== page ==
Gun Safety Group Pushes 'Stop, Drop, Roll'-Like Rally Cry
Gun safety advocacy group Evolve is spreading its own version of "stop, drop and roll" and "friends don't let friends drive drunk" to gun owners. The nonprofit is rolling out a new ad campaign this week that uses star power, humor and media prowess to push its call to action to Americans: "clear it, check it, lock it."
The campaign is designed to sidestep the gun debate by selling safety as something all Americans should support. Evolve co-founders Jon and Rebecca Bond, who both have marketing backgrounds, are applying lessons from their agency and consulting days to push that message.
"After Newtown," said Ms. Bond, referencing the fatal 2012 shooting at Sandy Hook Elementary School, "what was perplexing to me is that we couldn't sell guns and sell safety. ... We need to make safety aspirational."
The new pro bono effort out of creative shop Erwin Penland centers around a public service announcement starring actor Josh Lucas that contrasts the campaign's serious message with a light-hearted tone.
In the spot, Mr. Lucas walks down a Main Street telling viewers how wonderful America is, except for accidental shootings. Meanwhile, a hamburger, a street sign and other objects around him are shot. Mr. Lucas even takes a hit while wearing a bulletproof vest. He thanks gun owners for being responsible -- most are, according to the spot -- and tasks them with making sure others follow suit.
"[Erwin Penland] had this brilliant idea of treating a terribly difficult subject with a sort of gentle humor," said B-Reel's Simon Cole, who directed the spot. "It had the combination of a great idea that wasn't preachy but was also attached to a movie star that had the intelligence and the ear of women and the respect of men."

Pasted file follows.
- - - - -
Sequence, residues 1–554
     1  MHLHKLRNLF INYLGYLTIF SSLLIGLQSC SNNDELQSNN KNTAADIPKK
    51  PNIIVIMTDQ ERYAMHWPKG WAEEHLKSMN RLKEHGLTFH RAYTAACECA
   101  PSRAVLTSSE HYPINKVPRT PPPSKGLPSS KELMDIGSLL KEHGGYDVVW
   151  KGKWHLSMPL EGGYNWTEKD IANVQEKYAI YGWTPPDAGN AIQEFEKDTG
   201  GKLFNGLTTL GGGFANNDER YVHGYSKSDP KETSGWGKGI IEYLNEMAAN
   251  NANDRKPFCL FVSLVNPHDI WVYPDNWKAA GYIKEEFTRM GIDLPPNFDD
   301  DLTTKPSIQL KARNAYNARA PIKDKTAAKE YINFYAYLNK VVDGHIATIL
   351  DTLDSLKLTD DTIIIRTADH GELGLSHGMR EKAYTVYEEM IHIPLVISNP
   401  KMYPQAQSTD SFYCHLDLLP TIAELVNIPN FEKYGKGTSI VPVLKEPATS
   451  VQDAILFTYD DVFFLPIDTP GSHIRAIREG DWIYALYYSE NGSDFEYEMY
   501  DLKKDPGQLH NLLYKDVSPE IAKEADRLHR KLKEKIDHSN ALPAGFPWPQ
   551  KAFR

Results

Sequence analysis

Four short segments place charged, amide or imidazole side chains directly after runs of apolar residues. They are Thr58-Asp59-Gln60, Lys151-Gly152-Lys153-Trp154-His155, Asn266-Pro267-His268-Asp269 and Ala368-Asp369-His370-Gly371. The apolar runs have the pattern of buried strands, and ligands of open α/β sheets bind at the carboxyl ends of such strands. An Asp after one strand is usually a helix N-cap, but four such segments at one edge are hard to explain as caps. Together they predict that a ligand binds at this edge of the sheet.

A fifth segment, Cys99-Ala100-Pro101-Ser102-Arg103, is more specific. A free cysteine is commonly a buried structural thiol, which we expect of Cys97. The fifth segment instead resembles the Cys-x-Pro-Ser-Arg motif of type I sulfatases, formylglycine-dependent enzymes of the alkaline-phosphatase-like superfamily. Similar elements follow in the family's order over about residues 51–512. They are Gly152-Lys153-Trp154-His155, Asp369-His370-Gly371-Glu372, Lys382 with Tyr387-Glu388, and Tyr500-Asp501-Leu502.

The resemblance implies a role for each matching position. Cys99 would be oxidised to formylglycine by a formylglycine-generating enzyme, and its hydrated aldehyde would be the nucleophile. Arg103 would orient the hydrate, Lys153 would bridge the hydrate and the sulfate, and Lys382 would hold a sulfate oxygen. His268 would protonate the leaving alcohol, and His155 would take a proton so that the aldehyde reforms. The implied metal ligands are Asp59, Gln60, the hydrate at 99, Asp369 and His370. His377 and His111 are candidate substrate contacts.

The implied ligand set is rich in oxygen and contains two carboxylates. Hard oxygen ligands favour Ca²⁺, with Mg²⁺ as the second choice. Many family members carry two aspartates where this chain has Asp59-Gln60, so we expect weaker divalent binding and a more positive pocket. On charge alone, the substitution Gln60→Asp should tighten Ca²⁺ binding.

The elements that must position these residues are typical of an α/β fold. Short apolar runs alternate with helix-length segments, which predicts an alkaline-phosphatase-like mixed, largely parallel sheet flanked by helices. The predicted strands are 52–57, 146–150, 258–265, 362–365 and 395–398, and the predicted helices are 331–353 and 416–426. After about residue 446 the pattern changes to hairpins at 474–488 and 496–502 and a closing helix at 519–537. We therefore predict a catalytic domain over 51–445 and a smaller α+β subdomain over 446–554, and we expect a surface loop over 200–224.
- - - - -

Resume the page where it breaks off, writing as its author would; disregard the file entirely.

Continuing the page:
The ad is meant to have broader appeal than its predecessors. Evolve's most recent spot "Playthings," which featured two mortified moms who find their sons having a sword fight with sex toys, aimed to get people talking about gun safety, in particular parents. But it alienated people who weren't amused by dildo jokes. And "The Bill of Rights for Dumbasses" -- Evolve's first push introducing it as a "third voice" in the gun debate -- spoke mainly to gun owners.
This time around, Evolve set out to reach all Americans -- a tall order. Like campaigns that tackle drunk driving -- "Friends don't let friends drive drunk" -- Evolve believes gun safety is everyone's responsibility, not just gun owners.
"This says, 'Hey America, we can all take this on,'" said Ms. Bond. "We're trying to give [people] ways into the conversation [about gun safety] that makes it comfortable in their environments."
Evolve tapped Mr. Lucas, for his Southern charm and every-man feel, according to Mr. Cole. Effects folks from shows like FX's "Sons of Anarchy" worked on the spot, as did Kilt Studios, which handled the visual effects, and Arcade Edit.
The ad is expected to run on CBS, Outdoor Channel and online. The push also includes a website refresh; digital download kits with materials for gun ranges, clubs and retailers; PR and influencer outreach; print and social components; and an online petition to make National Gun Safety Day formally recognized. As a nonprofit, the group is leaning heaving on favors for the effort.
Mr. Lucas also plans to use his starpower to spread the word with a PR tour that could bring Evolve's message to national stages like Comedy Central's "The Daily Show" and HBO's "Last Week Tonight with John Oliver." "My hope is that we drive this everywhere," Mr. Lucas said. "Somebody is not going to die because of this commercial and that's insane."
Erwin Penland also wants to go beyond the liberal media to reach gun owners who may lean conservative. The organization is bypassing the political debate surrounding gun control and second-amendment rights by stating that it's simply "pro-alive kid."
"This should be the big duh," said Con Williamson, chief creative officer at Erwin Penland and a former creative at Saatchi & Saatchi, where he worked on Evolve's first ad campaign. "I want people supporting it who aren't on one side of a political view. I want people who talk about guns and share guns. I want the NRA to begrudgingly say, 'Goddammit. This is good.'"